One oxygen atom and two hydrogen atoms

One oxygen atom and two hydrogen atoms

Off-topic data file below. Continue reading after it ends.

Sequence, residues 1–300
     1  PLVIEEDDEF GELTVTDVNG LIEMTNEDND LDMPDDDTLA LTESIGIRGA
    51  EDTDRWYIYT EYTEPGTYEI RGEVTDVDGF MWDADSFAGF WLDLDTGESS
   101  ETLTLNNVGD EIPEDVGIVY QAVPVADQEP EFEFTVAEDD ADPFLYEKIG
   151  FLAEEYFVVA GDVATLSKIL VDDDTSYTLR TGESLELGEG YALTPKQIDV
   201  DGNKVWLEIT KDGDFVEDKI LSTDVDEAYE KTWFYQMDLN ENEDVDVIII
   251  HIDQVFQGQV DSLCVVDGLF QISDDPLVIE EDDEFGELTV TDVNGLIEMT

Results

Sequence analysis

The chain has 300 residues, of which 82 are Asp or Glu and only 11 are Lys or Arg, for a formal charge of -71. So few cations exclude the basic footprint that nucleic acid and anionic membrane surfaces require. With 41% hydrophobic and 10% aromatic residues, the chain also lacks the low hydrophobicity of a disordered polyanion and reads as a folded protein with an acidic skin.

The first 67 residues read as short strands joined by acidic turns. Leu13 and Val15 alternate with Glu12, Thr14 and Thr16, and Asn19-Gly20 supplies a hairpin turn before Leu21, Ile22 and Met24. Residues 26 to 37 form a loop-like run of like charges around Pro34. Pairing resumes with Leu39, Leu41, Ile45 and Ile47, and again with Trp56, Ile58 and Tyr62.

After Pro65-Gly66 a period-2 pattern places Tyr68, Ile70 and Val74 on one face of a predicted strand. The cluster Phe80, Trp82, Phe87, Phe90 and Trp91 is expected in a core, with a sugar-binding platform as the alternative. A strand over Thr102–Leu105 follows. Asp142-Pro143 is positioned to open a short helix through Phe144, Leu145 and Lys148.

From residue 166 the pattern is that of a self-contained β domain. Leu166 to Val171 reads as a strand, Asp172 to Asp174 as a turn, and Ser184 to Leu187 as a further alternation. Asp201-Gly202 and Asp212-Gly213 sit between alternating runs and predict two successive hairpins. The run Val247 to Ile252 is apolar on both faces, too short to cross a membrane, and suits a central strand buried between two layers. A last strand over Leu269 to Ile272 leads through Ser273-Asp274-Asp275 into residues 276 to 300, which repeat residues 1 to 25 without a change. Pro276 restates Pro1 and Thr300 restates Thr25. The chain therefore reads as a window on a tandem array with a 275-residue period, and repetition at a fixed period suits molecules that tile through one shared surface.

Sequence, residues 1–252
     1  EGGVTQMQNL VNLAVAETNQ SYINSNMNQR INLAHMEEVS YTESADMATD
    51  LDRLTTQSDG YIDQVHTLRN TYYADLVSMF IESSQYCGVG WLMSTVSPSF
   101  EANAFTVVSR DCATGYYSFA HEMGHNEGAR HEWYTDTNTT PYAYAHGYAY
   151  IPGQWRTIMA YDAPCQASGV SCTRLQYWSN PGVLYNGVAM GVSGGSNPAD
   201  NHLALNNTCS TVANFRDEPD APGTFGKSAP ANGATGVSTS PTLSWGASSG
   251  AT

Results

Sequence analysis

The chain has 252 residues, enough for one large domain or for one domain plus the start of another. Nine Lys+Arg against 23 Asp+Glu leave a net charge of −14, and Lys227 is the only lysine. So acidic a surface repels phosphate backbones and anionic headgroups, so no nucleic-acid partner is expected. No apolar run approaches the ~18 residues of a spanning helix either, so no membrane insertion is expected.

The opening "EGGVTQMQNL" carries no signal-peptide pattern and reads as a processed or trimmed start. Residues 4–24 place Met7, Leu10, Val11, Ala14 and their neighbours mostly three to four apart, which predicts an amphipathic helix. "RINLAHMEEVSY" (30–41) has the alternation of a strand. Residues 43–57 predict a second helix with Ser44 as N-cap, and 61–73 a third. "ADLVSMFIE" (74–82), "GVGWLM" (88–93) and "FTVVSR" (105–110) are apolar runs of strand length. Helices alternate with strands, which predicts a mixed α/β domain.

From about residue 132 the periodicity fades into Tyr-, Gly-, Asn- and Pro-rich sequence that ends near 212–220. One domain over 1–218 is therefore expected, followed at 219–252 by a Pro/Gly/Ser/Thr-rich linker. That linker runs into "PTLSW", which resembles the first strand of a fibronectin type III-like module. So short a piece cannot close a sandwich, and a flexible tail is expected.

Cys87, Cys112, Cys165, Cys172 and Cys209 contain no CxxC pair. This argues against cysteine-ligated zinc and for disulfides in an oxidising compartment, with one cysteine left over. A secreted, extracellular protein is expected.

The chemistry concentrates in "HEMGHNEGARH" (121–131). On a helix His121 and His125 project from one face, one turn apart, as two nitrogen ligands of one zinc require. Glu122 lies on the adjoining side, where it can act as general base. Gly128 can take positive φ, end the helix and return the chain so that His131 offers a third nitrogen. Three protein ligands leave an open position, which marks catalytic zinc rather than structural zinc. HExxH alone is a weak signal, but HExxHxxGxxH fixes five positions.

by Shannon Spence I’m constantly asking myself, “What else can I do to help protect our natural resources?” and “Am I green enough?”.  I’m always looking for ways to reduce my environmental footprint. I recently came across this enlightening infographic by Loch Ness Water Gardens which outlines the water usage behind the products we consume. This got me thinking about my own water usage at home, and specifically about that leaky faucet in the bathroom. Using the USGS Water Science School’s drip calculator, I’m wasting 34 gallons of water a year with my one leaky faucet. So, this weekend, I plan on fixing that faucet and taking it one step further: installing an aerator. An aerator mixes oxygen with the water, providing a larger stream with less water. According to the EPA, installing an aerator on your bathroom sink faucet can save 30% or more water than a standard faucet. You don’t have to replace the whole sink. Just stop by Lowe’s or Home Depot and pick up a WaterSense labeled aerator. One aerator will cost about $5, or pick up a 6 pack for about $18. There are three types of aerator streams: aerated, spray, and laminar. Here’s a look at the difference between them. A standard faucet aerator with a 1.5 gpm should suffice for your bathroom faucets.  For other water conservation ideas, check out these websites for some helpful hints: www.citizensenergygroup.com www.wateruseitwisely.com  

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